033 I finished the roof just in time

033 I finished the roof just in time

When I adopted this neglected land, I didn’t know how to build a roof. I didn’t know how long it would take. I didn’t even know what most of the parts where called. But slowly, I figured it all out, learned new skills, and built a roof. But let’s start where we left off last time.

So many things didn’t work out when building this roof. But some things also just aligned perfectly.

I’d been eyeing these tiles since starting the roof but they were just too expensive. Reluctantly, I’d settled on a second layer of that bitumen-paper stuff I hated so much. When I went to order the rolls for pickup, the green shindles went on sale. They were getting rid of the rest of their stock.

I immediately dropped everything, reserved every single package they had, and drove home very carefully with a trunk full enough to near my car’s load limit.

Two sessions later, it looked like an actual roof in the making. So, I kept at it. Every dry hour was spent putting up sheet after sheet. Beyond the first few rows, each sheet meant at least one climb of the ladder.

When I was almost done with the first side, a rainstorm approached. Over the course of the entire roof, I only covered it twice, because it is a major hassle. But I wasn’t going to risk my new roof so close to the finish line.

I’ve been enjoying watching the starlings in the surrounding trees.

Another storm on the horizon, I left my half-finished roof. The storm blew open the unfinished side that night. But it wasn’t bad. Just one sheet had come loose, so I applied a quick fix between storms.

The next day still wasn’t nice, so my husband joined me to get the rest of the metal up quickly. Having someone hand me tools made this a lot less exhausting. And I got some aerial footage, yay. The storm had also brought down a lot of walnuts, so he collected those while I “drilled” some holes.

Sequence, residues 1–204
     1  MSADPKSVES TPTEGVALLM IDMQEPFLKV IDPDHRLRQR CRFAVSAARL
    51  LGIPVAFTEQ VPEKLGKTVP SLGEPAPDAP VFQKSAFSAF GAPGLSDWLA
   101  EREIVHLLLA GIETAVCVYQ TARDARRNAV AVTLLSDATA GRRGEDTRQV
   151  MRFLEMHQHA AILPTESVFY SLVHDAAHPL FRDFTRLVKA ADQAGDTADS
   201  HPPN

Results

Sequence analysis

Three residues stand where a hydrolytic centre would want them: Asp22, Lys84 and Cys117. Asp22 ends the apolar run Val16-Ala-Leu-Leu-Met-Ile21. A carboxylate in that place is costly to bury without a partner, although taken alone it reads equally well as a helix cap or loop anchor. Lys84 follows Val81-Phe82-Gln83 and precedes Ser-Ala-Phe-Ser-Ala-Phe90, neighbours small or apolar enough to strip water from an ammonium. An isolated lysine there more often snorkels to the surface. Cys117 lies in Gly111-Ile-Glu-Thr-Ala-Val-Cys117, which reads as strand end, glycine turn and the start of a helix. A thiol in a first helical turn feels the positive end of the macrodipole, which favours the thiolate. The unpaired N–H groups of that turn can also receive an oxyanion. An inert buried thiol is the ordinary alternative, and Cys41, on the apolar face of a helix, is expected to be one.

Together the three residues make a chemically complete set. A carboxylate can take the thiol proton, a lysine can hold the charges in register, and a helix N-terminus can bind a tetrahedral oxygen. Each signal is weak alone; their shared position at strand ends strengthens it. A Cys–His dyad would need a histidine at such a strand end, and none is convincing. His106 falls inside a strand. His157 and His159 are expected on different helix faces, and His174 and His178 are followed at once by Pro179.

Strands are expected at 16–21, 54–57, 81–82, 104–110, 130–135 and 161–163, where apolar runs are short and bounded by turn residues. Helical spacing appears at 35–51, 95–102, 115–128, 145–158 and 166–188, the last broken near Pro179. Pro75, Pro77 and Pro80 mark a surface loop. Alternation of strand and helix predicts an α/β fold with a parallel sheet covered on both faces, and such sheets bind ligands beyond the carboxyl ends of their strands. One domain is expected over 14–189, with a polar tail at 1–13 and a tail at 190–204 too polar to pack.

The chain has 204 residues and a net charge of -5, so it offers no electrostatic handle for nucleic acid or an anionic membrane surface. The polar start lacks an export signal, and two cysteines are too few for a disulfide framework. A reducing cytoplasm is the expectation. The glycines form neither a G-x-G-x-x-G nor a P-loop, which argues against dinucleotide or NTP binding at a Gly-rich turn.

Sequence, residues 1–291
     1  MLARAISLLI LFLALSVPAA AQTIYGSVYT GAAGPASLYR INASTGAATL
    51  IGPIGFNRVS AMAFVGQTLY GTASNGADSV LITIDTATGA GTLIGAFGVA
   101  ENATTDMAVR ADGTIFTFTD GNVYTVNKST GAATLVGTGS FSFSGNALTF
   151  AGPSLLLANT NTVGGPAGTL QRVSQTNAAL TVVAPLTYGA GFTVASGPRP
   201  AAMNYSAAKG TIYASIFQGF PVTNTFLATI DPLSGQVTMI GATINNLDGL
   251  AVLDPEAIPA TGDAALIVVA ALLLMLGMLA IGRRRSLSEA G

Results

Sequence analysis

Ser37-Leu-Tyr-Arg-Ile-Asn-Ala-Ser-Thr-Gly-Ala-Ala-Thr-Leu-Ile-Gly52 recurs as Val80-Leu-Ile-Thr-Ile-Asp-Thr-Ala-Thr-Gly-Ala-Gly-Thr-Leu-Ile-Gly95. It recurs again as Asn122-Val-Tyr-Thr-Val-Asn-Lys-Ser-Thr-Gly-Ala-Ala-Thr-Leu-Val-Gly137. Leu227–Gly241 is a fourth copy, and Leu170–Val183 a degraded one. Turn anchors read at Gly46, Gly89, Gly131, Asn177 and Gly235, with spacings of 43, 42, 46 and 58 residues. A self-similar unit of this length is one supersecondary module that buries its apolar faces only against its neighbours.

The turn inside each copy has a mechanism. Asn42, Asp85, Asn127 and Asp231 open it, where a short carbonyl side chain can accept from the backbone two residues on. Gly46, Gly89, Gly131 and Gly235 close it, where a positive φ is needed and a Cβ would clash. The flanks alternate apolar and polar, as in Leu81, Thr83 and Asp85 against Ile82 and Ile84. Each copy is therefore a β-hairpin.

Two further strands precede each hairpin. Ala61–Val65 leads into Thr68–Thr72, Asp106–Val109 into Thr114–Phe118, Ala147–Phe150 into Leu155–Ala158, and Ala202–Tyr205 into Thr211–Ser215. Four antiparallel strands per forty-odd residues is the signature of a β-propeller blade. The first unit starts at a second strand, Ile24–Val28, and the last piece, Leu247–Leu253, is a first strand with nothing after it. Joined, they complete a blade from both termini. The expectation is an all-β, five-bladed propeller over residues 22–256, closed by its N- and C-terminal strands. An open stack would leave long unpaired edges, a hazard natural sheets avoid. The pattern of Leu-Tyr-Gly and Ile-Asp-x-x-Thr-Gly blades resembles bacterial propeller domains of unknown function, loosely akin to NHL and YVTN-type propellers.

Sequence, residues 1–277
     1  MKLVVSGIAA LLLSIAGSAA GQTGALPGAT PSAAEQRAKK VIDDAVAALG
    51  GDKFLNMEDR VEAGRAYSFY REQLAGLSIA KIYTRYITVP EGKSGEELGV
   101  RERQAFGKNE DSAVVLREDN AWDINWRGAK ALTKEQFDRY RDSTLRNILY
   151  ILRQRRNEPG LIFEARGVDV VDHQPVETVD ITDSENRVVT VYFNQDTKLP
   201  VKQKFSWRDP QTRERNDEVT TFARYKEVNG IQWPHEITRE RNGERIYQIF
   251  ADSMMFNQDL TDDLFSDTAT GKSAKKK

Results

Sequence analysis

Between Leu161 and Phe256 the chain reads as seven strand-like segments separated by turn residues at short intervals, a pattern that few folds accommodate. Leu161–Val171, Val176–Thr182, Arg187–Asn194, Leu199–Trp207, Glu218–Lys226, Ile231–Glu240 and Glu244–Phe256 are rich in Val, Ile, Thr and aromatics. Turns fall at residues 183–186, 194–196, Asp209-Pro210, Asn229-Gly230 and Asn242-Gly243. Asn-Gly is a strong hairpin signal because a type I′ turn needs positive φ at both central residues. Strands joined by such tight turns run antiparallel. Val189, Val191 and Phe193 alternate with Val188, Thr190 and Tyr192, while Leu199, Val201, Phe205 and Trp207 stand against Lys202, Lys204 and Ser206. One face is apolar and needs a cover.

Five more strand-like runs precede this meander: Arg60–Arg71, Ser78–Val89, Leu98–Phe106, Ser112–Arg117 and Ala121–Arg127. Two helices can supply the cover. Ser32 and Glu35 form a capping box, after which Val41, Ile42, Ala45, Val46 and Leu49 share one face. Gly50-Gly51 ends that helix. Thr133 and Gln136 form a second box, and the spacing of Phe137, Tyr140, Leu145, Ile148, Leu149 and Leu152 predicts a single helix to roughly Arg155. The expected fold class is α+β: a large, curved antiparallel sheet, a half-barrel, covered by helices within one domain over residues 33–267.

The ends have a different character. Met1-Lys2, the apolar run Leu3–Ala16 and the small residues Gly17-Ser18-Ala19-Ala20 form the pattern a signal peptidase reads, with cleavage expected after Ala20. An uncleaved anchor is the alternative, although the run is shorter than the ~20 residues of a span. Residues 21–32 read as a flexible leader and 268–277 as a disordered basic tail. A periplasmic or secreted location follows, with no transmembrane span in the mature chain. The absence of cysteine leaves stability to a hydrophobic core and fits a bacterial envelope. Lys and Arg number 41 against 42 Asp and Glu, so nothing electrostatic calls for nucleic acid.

Little did I know that I’d be replacing every single nail with a special fancy screw. Each screw has a seal that keep water out of the screw hole. And then I had to do it all over again on the second (weather-facing) side of the roof.

I have been wearing headphones a lot during this project, as the noise from my own construction stresses me. Hammering is much nicer through noise-cancellation and music.

Session after session, I got closer to a finished roof. There are more than 400 of these three-shingle sheets on the roof. The neighbor’s ladder has been a huge help–though I’ve come to loathe it. I definitely won’t miss climbing the ladder hundreds of times over the course of this project.

I’ll have to find other tasks to keep my body moving over the winter. There is no shortage of those. Even with the winter winds already picking up, there are so many things to do on this piece of land. And the best thing: none of them are on a deadline.

After weeks and weeks of work, it was finally time to put on the ridge. I could now finally say: I’ve built a roof. I did this! I made this happen! A ridiculous happy dance was in order, before cleaning up.

I finished the roof just in time. A really bad rainstorm arrived the next day to test my work. I am happy to report, it all held tight.

There’s some cosmetic work left, some edges to finish but anything critical is done. The rains could come. So, I used the ugly weather to go back to the hardware store for gutters and fixings. I carried it all in while getting rained on.

Weather won’t keep me out of the garden this winter. I’m too excited for what’s to come. So long, and thanks for being here.